Inclusive institutions, along with some centralized form of state power and public services, will provide for greater prosperity than deeply fragmented polities in which leaders extract wealth from the population and deny them economic opportunities. Thus, political leaders of a nation may actually prefer extractive institutions because this would allow them, or their clan, to retain political power. This can be seen in nations in which a small elite uses highly non-democratic political institutions to control a country’s wealth.
“The central thesis of this book,” write the authors in Chapter 3, “is that economic growth and prosperity are associated with economic and political institutions, while extractive institutions typically lead to stagnation and poverty.” They qualify their thesis and note that this does not “imply that neither extractive institutions can never generate growth nor that all extractive institutions are created equal.” The Soviet Union, for instance, is an example of a nation that did grow under extractive institutions. Those who say that government can never foster rapid economic growth, even for decades, have a prime counterexample in the U.S.S.R. between the first Five-Year Plan in 1928 and the 1970s. This was done, of course, at a great cost to human life.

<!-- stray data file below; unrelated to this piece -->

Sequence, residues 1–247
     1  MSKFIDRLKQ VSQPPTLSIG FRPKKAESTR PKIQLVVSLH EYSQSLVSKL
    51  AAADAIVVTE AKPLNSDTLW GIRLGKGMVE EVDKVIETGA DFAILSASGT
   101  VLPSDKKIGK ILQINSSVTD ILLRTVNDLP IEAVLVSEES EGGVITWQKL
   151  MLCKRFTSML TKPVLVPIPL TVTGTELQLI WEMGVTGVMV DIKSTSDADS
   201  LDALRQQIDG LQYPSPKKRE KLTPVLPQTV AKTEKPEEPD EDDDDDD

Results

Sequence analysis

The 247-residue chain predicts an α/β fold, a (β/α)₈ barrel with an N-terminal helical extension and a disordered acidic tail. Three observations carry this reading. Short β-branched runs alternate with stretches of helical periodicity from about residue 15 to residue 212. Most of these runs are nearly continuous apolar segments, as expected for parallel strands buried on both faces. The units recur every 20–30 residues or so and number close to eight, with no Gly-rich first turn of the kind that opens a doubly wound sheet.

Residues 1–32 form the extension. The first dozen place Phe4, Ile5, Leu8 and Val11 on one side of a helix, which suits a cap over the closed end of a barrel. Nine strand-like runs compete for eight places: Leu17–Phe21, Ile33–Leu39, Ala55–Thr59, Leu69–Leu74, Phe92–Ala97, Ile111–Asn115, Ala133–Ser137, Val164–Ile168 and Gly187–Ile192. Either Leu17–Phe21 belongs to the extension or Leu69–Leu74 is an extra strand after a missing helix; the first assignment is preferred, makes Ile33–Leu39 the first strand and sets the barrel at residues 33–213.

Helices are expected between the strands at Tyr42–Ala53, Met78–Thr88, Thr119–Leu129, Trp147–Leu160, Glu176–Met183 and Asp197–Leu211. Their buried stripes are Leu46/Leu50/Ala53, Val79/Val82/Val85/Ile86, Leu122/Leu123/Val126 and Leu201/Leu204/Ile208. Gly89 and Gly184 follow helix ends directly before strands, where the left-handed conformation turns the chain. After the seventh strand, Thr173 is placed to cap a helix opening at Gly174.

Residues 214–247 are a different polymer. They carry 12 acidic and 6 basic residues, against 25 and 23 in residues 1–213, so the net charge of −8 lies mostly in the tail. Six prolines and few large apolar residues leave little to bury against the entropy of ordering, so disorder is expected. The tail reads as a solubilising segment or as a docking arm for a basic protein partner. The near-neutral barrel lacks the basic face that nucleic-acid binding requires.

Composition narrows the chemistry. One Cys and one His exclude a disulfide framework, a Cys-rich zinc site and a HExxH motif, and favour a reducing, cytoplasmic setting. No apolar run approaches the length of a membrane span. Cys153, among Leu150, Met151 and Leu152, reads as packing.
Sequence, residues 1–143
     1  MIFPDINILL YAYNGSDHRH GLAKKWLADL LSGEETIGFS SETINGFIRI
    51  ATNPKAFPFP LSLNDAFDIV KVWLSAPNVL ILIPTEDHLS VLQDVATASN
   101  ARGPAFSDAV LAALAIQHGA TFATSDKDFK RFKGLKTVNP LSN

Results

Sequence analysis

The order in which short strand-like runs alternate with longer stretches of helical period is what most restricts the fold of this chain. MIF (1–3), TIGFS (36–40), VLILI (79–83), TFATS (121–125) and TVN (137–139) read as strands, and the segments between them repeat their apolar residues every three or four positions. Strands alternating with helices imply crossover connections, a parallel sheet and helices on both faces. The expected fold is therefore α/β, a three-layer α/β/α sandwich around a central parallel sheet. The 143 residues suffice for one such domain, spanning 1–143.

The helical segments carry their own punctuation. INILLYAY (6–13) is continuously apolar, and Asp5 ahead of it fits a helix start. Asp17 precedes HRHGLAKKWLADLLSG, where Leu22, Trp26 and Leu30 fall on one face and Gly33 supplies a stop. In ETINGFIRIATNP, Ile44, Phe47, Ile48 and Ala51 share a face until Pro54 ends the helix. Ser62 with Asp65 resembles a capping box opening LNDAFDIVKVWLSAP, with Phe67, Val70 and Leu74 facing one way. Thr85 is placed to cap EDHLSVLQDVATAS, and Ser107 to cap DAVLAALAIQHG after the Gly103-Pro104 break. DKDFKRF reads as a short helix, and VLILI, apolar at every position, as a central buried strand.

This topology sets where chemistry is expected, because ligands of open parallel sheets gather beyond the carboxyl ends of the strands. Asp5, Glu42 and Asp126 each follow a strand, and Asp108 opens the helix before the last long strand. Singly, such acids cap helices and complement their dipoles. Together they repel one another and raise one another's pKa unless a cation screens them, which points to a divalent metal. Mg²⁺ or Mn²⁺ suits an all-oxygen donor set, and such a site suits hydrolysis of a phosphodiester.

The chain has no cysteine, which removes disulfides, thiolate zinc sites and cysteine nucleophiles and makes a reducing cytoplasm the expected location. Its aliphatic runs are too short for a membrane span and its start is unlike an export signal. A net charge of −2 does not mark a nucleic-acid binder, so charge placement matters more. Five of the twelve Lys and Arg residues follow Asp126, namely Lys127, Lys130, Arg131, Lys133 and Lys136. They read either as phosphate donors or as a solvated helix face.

The authors wrote How Nations Fail for a general audience and contend that their work has real-world implications. After all, if geography is the determinant factor in shaping a nation’s prosperity, then why bother doing anything to change the status quo? If institutions matter as much as the authors believe, then one can’t change a poor country’s economic trajectory without first changing the country’s economic and political institutions.
Overall, the authors make a very convincing case for their thesis that institutions, rather than geography, culture, or ignorance of the best policies best explain why some nations fail, while others succeed. For those have been academically trained either as historians or as lawyers, much of the material will not be particularly groundbreaking. Those who devoted their careers to studying the Soviet Union, for instance, are well aware that economic and political institutions matter for understanding the country’s rapid economic ascent and industrialization, as well as its decline and ultimate collapse under its own weight. Furthermore, lawyers understand that property rights, as well as an impartial system to adjudicate property disputes, matter greatly in allowing for economic growth.
In conclusion, Why Nations Fail is a solid work of scholarship. It is particularly well written. The authors do an excellent job of demonstrating how political institutions can determine a country’s economic success or failure. Still, one is left wondering whether the world is simply too complex and history too fluid for any overarching thesis, or grand narrative, that attempts to explain why some nations fail. Maybe, in some cases, geography actually is the determinant factor. And maybe culture and religion aren’t as unimportant as the authors think. That said, the authors should be commended for writing a work that surely is to provoke considerable debate in the days and months ahead.
Jon Lewis (c) 2012